Make as a general purpose task runner

Lately, I've become more and more of a fan of using a Makefile as the main entrypoint for running development tasks of software projects, both personal and professional. Here are some of the main reasons and examples.


* What is Make?

Make is a command line tool, typically used for compilation related tasks. It first appeared in 1976, is now standardized in POSIX, and is ubiquitous on almost any Unix like system. C and C++ programmers are likely familiar with it. Today I want to demonstrate that it is general purpose enough to be used for almost any task in a software project.

Why use Make?

* Always up to date

If collaborators use a Makefile to drive the tasks they run, there's no doubt that it will remain up to date with the latest ways to build, run, test, and lint the project. As software projects evolve, one may rotate through several combinations of task runners and arguments passed to those task runners. As these tasks change, the Makefile is updated to reflect these, ensuring that all collaborators are aware of and using the most up to date commands or options to build the project.

* Self documenting

A Makefile acts as both the configuration for Make, and as a primary documentation source for the commands that are used to run the project. If there is a Make target called 'build', one can reasonably assume that it is the command used to build the project.

The alternative of maintaining a set of commands in a README or other documentation often results in a document that is not often consulted by team members with longer tenures, and thus falls out of date when changes occur. These changes are then communicated as tribal knowledge, or sometimes not at all.

When using a Makefile, the README or other onboarding documentation can simply direct users to the Makefile, where they can see all of the current commands.

* Enforce consistent usage

A common source of inconsistencies in development can come from team members using slightly different commands or parameters to build their projects locally. The Yarn vs NPM vs pnpm package managers are great examples of this: they all operate from the same package specification file (package.json), but can produce different dependency resolutions from the same input. Using a Makefile ensures that each team member is using the same set of commands.

* Uniform interface across heterogenous projects

Even if different software projects in an organization use different languages, frameworks, or build tools, a Makefile can act as a uniform interface to these systems. Users can examine a Makefile for simple targets like 'build', 'test', 'lint', 'dev', and quickly know what they do. A project ultimately built with NPM can be run in dev mode with the same command as a project built with Gradle, if they have the same targets pointing to the appropriate commands in the respective build system.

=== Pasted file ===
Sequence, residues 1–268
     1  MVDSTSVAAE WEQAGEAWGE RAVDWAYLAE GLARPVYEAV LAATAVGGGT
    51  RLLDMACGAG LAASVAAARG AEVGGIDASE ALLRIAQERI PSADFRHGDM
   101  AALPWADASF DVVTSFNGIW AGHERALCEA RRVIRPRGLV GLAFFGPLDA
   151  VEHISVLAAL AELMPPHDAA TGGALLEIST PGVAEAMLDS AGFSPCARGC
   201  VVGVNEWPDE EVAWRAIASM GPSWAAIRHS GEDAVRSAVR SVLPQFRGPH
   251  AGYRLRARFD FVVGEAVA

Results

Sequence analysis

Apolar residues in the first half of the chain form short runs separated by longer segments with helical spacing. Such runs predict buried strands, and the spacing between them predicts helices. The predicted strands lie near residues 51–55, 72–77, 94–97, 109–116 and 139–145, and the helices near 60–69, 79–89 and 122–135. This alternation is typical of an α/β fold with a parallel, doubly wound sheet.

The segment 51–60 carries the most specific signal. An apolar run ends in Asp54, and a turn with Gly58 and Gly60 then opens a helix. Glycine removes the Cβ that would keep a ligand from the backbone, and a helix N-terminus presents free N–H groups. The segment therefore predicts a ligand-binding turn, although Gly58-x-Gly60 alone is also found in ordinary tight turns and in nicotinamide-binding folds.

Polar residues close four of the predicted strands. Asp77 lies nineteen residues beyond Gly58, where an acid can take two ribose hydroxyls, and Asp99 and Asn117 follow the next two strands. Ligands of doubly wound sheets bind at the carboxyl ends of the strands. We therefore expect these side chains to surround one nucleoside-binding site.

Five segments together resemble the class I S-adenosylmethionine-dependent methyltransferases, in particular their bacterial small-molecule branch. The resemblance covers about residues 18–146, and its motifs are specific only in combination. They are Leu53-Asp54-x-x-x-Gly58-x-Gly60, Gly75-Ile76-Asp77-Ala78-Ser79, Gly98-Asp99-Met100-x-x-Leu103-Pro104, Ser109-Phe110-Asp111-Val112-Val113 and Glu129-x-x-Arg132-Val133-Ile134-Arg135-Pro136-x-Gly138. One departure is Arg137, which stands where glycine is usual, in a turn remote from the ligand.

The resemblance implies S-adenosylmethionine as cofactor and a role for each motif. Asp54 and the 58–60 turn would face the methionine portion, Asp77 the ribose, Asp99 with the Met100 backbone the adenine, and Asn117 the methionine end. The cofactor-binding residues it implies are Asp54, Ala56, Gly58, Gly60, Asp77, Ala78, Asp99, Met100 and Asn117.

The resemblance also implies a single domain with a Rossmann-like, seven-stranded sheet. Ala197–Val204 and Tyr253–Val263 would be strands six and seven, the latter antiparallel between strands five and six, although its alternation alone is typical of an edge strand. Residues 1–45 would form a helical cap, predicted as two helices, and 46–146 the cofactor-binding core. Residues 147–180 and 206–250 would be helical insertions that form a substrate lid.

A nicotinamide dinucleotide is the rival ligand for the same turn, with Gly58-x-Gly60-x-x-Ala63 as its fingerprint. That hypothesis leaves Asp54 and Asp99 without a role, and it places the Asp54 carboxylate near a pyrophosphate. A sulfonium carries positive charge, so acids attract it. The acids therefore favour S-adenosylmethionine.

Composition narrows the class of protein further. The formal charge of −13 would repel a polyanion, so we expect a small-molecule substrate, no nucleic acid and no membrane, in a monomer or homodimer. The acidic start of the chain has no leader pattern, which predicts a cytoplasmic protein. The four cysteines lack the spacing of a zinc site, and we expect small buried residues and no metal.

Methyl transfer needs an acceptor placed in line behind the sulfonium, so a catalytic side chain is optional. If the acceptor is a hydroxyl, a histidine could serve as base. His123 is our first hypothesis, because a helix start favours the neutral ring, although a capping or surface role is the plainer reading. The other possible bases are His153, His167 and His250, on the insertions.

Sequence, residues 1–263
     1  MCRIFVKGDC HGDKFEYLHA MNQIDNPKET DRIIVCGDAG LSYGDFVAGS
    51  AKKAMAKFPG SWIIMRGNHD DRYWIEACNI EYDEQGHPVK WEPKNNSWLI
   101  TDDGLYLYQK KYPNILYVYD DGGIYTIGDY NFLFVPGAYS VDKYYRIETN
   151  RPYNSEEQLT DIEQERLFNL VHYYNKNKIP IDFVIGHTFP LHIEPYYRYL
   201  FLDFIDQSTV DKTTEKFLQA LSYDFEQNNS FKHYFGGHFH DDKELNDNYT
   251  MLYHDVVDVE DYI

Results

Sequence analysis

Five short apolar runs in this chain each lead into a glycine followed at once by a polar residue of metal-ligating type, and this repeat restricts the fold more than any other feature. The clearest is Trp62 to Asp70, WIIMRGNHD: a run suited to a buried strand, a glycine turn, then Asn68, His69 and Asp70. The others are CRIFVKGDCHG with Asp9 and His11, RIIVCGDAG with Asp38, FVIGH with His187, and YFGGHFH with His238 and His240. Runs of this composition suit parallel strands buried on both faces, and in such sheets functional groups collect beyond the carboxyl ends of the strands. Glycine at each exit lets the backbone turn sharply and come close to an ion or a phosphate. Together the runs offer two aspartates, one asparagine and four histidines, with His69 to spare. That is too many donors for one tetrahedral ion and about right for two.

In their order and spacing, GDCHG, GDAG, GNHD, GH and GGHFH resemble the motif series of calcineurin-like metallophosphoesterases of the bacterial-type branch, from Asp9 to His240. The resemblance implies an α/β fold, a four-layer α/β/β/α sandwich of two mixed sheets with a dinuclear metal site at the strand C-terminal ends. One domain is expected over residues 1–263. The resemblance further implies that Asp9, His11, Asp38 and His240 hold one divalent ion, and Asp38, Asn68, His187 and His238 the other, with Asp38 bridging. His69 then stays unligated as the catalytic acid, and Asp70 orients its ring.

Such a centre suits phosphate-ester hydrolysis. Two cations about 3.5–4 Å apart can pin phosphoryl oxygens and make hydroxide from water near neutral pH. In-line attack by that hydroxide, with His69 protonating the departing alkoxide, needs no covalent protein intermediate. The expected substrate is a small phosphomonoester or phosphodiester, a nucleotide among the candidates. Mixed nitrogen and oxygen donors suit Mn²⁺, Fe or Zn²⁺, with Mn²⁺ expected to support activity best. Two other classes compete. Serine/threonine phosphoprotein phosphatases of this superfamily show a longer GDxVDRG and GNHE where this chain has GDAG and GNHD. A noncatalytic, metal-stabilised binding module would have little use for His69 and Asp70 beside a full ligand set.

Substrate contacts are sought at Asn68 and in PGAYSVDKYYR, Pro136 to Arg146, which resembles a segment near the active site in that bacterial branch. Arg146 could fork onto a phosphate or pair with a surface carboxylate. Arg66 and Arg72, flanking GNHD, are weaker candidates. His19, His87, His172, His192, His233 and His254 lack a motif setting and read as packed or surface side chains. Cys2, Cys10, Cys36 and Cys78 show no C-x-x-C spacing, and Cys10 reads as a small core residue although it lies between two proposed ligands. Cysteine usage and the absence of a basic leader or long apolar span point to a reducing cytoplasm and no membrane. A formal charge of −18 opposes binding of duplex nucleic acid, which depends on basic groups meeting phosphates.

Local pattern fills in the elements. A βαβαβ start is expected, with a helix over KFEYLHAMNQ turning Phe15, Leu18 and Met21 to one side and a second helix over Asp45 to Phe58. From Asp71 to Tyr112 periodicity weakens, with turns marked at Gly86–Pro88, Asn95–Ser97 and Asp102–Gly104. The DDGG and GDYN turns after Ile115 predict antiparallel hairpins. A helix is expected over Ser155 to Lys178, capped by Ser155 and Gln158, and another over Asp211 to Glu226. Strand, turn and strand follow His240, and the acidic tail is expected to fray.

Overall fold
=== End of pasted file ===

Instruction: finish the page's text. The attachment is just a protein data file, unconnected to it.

* Simple expression of dependencies

Make targets can express their dependencies in a simple way. This allows for composition and reduces the need for repetition. For example, you may want to ensure that the compilation output directory is clean before building. If there is a 'clean' target, it can be run independently, and also included as a dependency of the 'build' target


Let's see some examples. This is a Makefile for a project built with yarn:


	yarn dev

	yarn test

build: test
	yarn build

Ultimately, it's not that interesting. Three targets that essentially delegate the same command to yarn. But consider the points above: it enforces a uniform package manager (yarn), and remains up to date when anything needs to change. It also specifies that test is a dependency of build. We also use .PHONY to indicate that the target names are not referencing output files that should be checked, and that the command should always be run no matter what.

Here's an example for a Quarkus project built with Maven:


	./mvnw quarkus:dev

	./mvnw test

	./mvnw package -Dnative

docker-build: build
	docker build -t my_app -f ./src/main/docker/Dockerfile.native

With this one, some of the other benefits become clear: Maven POM files do not have an easily discoverable set of targets that show how to build a project. We also use a target (docker-build) which doesn't use Maven at all, but depends on the output of a Maven target.

Also consider with these examples combined, a developer can be familiar with the general targets used throughout an organization's ecosystem (dev, test, build) so that it feels less like context switching and more like running the same types of projects, even when using a different language or underlying build system.

The targets from these Makefiles can be run as make <target>:

$ make test

Hope you found this interesting and consider using Make to self document the commands for developing your project!